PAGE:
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Philips unveils computed tomography (CT) system that scans the heart in two beats to aid in diagnosis and treatment of serious health conditions


Chicago, USA – At the 93rd annual meeting of the Radiological Society of North America (RSNA) in Chicago, Royal Philips Electronics (NYSE: PHG, AEX: PHI) unveiled its latest innovative healthcare products and technologies that seek to make a difference in how radiologists can prevent, diagnose, treat and monitor disease, and allow them to focus more on their patients.

Among the Philips innovations featured at RSNA will be CT products designed specifically to improve image quality and reduce dose in the most demanding studies. The flagship product, the 256-slice Brilliance iCT scanner, allows radiologists to produce high-quality images with exceptional acquisition speed, including complete coverage of the heart and brain. It is so powerful it can capture an image of the entire heart in just two beats, while incorporating Philips technology that has reduced radiation doses by up to 80 percent.*

“Our innovations are perfect demonstrations of Philips’ commitment to enable healthcare providers to devote attention to their patients, not just the technology,” says Steve Rusckowski, CEO of Philips Medical Systems. “The new Brilliance iCT scanner announced today was specifically designed by Philips to make the job of the clinicians easier and improve the experience of the patient.”

Brilliance iCT and a new 64-channel system both feature Philips Essence technology, consisting of new X-ray tubes, detectors and reconstruction design elements. This technology can provide detailed and clear 3D images of an entire organ, including the heart and brain, and can also show changes over time. All images also can be accessed on any computer in a hospital or by colleagues and researchers remotely, to make it easier for the whole team to share information. To date, more than 30 CT systems with Essence technology have been shipped.

The scanners deliver key clinical insights for a wide range of applications in the radiology and cardiology settings, while the enhanced visualizations will be valuable for doctors diagnosing and treating problems within the heart. The Brilliance iCT scanner is also designed to reduce patients’ exposure to X-rays. The scan is much quicker, as the machine’s X-ray emitting gantry – the giant ring-shaped part that surrounds the patient – can rotate four times in a single second, which is 22 percent faster than current systems.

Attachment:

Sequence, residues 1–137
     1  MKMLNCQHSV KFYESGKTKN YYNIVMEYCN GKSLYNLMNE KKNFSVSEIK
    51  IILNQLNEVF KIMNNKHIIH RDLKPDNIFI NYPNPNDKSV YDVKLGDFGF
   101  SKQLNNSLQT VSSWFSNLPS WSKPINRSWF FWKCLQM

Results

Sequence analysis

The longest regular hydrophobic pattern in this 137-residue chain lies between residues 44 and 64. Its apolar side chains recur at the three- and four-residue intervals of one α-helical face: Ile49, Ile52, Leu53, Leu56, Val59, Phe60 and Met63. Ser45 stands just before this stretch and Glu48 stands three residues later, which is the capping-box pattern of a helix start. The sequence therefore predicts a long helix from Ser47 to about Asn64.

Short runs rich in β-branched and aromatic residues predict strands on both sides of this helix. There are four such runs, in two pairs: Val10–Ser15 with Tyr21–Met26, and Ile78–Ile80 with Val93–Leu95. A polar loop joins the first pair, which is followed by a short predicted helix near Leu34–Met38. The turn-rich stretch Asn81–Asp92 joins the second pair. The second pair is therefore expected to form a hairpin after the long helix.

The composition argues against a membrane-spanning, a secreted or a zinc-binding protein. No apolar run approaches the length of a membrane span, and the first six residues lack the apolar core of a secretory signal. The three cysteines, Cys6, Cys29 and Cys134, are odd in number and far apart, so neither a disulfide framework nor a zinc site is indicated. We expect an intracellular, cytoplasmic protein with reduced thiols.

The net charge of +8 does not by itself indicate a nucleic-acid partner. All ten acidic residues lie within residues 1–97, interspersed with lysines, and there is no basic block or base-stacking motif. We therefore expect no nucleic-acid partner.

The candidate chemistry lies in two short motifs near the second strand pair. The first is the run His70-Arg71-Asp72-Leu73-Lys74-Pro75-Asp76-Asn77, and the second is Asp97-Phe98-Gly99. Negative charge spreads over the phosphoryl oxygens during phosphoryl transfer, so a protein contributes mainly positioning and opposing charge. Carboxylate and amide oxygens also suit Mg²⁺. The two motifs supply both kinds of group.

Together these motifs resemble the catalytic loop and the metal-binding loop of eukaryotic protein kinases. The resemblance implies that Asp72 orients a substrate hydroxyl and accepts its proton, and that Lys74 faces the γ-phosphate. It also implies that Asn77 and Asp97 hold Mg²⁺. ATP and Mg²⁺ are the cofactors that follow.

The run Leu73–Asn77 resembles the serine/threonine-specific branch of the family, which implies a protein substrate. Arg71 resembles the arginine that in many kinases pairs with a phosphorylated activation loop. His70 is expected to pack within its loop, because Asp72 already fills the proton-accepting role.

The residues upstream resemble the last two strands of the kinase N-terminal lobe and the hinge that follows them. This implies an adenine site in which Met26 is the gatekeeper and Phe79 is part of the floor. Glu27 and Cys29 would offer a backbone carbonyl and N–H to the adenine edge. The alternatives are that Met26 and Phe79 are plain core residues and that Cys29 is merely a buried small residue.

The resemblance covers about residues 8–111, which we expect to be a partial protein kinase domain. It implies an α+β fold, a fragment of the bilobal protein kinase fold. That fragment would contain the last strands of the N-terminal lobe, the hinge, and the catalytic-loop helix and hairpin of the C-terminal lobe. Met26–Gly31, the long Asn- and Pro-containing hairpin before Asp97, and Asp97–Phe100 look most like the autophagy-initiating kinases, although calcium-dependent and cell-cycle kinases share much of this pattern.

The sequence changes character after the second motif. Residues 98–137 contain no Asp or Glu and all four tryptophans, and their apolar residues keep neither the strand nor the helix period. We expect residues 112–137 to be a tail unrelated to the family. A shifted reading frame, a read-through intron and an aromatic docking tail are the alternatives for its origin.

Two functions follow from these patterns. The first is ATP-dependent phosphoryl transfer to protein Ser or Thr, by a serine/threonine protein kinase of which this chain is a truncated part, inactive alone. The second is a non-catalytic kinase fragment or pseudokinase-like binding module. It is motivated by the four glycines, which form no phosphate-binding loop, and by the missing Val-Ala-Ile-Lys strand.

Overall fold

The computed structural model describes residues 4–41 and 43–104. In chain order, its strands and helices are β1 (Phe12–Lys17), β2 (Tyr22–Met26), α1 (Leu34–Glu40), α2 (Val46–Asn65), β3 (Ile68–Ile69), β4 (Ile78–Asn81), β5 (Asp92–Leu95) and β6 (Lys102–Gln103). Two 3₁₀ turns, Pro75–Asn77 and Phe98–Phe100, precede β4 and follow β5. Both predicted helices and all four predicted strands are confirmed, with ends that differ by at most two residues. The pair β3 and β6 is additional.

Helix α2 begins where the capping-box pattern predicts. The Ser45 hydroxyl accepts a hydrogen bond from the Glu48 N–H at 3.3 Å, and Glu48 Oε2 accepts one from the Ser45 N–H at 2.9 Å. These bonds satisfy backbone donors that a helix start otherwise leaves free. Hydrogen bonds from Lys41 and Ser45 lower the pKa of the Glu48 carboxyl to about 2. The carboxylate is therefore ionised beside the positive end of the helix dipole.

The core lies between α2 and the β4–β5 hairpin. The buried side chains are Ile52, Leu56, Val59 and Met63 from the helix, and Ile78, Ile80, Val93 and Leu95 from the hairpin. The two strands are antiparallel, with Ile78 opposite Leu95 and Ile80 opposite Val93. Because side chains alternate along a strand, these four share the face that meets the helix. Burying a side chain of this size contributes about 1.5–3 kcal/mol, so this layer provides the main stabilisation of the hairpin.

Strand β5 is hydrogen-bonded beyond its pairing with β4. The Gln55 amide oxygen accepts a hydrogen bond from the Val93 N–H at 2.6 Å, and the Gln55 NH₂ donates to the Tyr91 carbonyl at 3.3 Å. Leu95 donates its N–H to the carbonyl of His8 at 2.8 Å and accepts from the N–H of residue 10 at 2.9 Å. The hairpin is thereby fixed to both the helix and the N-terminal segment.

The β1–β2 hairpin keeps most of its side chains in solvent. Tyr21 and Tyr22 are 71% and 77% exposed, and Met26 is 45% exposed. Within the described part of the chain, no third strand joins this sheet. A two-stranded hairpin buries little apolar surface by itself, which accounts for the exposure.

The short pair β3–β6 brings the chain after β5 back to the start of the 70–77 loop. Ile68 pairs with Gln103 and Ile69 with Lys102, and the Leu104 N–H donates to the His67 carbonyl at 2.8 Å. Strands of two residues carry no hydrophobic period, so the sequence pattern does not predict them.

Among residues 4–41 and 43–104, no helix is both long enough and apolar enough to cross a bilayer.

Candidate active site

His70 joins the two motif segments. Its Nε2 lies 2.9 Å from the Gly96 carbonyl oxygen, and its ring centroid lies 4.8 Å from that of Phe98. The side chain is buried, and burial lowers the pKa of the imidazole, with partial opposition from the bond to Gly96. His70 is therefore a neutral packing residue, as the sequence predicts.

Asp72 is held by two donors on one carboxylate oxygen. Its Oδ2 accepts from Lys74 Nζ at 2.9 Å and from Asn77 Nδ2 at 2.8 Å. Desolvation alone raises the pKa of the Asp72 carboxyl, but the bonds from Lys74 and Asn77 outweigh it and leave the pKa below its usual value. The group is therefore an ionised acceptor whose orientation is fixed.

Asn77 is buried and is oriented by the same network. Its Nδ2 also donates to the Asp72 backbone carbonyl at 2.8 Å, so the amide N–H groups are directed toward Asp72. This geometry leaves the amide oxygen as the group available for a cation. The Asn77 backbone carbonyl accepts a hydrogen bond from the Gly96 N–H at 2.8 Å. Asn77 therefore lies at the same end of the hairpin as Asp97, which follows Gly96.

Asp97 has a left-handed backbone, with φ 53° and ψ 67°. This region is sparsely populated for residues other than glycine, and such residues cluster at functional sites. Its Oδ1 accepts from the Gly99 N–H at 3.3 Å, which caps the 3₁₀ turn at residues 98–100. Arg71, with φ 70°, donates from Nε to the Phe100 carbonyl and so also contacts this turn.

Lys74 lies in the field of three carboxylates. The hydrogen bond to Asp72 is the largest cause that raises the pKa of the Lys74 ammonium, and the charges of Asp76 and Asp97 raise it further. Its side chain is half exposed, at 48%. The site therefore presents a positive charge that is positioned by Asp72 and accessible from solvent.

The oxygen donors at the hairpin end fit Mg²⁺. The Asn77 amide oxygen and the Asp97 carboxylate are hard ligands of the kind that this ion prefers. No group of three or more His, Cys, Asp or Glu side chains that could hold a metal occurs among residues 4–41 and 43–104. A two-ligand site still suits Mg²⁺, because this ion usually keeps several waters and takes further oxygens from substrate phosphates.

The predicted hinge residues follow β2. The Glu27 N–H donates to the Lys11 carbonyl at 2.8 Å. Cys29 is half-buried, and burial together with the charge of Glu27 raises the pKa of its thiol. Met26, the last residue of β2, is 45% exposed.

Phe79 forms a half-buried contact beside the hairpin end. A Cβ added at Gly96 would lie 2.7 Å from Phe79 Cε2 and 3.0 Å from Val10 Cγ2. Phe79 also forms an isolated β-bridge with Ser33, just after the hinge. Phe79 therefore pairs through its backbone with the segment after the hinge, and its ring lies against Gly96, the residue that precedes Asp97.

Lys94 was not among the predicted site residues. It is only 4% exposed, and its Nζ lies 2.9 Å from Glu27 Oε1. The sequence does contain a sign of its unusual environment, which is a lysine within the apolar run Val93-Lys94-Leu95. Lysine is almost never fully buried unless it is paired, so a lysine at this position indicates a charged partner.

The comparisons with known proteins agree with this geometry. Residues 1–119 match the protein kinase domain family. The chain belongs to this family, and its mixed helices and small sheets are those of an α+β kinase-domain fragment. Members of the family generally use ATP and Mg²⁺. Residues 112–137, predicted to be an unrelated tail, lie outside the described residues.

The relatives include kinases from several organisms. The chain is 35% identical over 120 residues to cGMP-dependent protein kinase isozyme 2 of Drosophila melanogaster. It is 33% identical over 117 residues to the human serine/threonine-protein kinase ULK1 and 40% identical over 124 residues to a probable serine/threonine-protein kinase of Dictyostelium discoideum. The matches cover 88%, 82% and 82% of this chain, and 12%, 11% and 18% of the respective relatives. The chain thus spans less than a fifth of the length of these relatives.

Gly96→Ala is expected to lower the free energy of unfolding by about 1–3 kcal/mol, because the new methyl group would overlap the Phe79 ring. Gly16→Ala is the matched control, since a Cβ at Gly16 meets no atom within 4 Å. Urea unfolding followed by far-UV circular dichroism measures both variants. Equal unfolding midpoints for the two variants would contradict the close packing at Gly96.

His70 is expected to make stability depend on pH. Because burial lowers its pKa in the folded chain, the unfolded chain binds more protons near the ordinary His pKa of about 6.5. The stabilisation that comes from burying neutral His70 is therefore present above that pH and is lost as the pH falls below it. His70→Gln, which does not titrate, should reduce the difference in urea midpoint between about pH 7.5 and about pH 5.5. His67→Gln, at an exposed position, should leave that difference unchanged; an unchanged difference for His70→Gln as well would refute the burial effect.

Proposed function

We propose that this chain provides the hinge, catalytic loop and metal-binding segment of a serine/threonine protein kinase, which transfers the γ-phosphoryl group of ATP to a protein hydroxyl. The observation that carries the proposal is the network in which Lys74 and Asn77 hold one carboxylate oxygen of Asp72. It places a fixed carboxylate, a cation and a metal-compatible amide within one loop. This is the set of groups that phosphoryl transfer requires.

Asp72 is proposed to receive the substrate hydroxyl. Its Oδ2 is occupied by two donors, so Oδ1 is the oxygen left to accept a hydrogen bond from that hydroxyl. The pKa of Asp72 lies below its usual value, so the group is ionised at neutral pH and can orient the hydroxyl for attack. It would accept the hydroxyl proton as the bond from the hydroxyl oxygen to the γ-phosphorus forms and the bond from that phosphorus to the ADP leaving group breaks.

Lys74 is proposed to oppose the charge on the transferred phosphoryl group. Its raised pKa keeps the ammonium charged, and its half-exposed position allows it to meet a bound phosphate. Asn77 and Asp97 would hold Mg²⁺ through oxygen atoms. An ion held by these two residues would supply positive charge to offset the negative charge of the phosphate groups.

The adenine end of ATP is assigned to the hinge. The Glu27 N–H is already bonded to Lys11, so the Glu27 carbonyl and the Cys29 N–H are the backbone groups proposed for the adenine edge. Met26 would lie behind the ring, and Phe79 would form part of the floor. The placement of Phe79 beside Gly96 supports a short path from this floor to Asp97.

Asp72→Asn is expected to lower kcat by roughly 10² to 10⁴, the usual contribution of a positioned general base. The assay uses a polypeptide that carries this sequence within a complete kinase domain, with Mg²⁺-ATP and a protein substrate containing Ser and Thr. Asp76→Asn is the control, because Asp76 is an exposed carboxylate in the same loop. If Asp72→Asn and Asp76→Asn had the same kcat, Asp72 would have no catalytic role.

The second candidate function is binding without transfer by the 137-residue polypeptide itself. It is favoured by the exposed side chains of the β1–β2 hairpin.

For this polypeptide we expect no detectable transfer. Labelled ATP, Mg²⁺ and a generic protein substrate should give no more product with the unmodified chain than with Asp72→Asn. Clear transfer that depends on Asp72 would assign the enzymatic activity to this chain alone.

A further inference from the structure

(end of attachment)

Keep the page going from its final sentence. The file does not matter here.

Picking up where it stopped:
Additional company highlights at RSNA include the Philips Reading Room 20/20 Concept. Developed and designed by Philips, Reading Room 20/20 is a future concept of the reading room where radiologists analyze diagnostic images of patients. It brings to life Philips’ “ambient” concepts in lighting, information technology (IT), user interface and design to create a collaborative environment that positions radiologists as the key diagnostic consultant at the center of the disease management process. Promoting knowledge and data flow between radiologists and other caregivers, the cutting-edge, intuitive setting may foster tighter clinical collaboration on exams for all patients, from infants to adults.

As healthcare continues to evolve, clinicians require more efficient systems that reduce time and physical limits for acquiring diagnostic scans to help speed exams and care. To address these needs, Philips is developing technologies like a wireless X-ray detector for Philips X-ray systems used in the radiology department, emergency room and intensive care unit. This cable-free detector will be demonstrated at RSNA as a work-in-progress.

Additionally, Philips will showcase five research projects that demonstrate where radiological technology for diagnosing and treating heart disease and cancer is headed, including:

* Spectral CT imaging to quantify the amount of calcium in tissues such as calcified plaques and the ability to differentiate multiple contrast agents from anatomical structures in one-pass CT scans;
* Advanced software algorithms to calculate the probability that a lung nodule is malignant, and to search a database of prior cases with known diagnoses and present clinically relevant past cases to the user;
* Patient-specific organ models for personalized radiology planning, therapy and reporting;
* New image analysis techniques to enhance the resolution and image quality of PET and SPECT scans and extract quantitative information relating to localized tissue processes, such as hypoxia (reduced oxygen levels in tissue); and
* Image-guidance technology based on the fusion of MR and ultrasound images for prostate biopsy.


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